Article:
How to remember when to use ON, IN and AT correctly (part 1)

Does this sound like you?

“Let’s meet on Wednesday. I mean, in Wednesday.
In 9pm. At 9pm. Sorry.. On 9pm. ”

The problem with these prepositions is that in many other languages they all translate to the same word, making it really hard to remember which word goes where.
Which makes everything feels very random.
Truth is, we CAN find some logic when using those prepositions.
In this video, I’m going to share with you a simple way to visualize the difference between those words, which will help you to to start using the correctly.

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11 Comments on “How to remember when to use ON, IN and AT correctly (part 1)”

  1. Hi Hadar~~ I wonder what should I use for ‘weekends’ and ‘weekend’ and ‘weekdays’

  2. Thank you Hadar. I have been sick for awhile and no time to watch your videos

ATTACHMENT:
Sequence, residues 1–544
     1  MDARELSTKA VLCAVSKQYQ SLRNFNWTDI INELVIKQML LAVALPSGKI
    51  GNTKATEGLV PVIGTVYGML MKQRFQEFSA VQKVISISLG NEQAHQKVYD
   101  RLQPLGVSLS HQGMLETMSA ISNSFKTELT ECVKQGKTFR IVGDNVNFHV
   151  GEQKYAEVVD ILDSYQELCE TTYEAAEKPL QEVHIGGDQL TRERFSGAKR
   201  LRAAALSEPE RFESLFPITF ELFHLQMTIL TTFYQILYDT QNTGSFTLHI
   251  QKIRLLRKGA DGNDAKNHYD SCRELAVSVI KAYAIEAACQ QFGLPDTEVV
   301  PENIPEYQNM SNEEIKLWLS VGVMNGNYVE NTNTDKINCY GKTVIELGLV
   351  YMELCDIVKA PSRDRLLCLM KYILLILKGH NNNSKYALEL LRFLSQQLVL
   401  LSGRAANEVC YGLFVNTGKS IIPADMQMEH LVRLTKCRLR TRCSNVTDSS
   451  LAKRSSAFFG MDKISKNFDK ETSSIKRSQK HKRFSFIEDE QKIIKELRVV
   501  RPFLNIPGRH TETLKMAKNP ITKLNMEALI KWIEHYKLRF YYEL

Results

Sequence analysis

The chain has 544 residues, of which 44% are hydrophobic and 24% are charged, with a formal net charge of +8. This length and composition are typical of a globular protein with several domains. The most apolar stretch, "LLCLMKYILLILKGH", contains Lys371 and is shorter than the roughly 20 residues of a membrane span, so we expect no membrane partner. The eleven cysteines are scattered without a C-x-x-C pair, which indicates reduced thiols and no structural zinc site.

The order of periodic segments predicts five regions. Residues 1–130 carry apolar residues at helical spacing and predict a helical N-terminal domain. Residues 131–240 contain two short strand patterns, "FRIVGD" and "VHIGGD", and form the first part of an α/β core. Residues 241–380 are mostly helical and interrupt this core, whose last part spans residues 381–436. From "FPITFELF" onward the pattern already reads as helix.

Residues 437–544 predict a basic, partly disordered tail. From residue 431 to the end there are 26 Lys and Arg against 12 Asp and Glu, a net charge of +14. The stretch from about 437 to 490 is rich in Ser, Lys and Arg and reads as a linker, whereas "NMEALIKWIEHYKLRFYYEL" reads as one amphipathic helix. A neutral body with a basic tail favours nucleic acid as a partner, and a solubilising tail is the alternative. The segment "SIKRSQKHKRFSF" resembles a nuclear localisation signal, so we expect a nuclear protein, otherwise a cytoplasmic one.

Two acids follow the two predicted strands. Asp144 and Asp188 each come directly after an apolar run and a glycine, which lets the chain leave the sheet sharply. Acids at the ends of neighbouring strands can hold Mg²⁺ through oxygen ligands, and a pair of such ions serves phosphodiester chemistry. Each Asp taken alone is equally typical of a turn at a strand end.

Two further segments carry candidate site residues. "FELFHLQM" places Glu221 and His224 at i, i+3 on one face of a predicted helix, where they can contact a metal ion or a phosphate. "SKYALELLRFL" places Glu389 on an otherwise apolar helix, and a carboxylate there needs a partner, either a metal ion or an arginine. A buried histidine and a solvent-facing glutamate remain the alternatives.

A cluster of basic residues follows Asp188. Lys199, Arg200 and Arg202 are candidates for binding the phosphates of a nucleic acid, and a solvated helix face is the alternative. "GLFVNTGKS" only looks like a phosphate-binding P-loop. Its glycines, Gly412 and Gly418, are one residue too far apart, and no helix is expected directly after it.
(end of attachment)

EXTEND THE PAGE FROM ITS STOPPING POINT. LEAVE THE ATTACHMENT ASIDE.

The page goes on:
But you are absolute great
    Súper importante what you have just explain to us
    God Bless you

  3. Hadar is an excellent teacher in all aspects. Professionally speaking, her knowledge is admirable. As for her efforts – she is the most dedicated teacher; very keen on making the learning and assimilation process efficient as possible

  4. Thanks a lot, Hadar. I’ve always mixed up with the use of these prepositions. So, this video is HELPFUL for me.

  5. Thank you Hadar, it is very useful for me,
    because I always forgot how to use these prepositions.

  6. Thanks for all the great videos. They are helping me a lot to improve my English. Now my question is : What’s right, on the weekend or at the weekend?

  7. Thank you, Hadar!
    This is very helpful and easy to remember. In secondary school in my country, I was taught to memorize that month or year by itself go with in, and if it includes day, we use on. Your tip will make many students’ lives much easier

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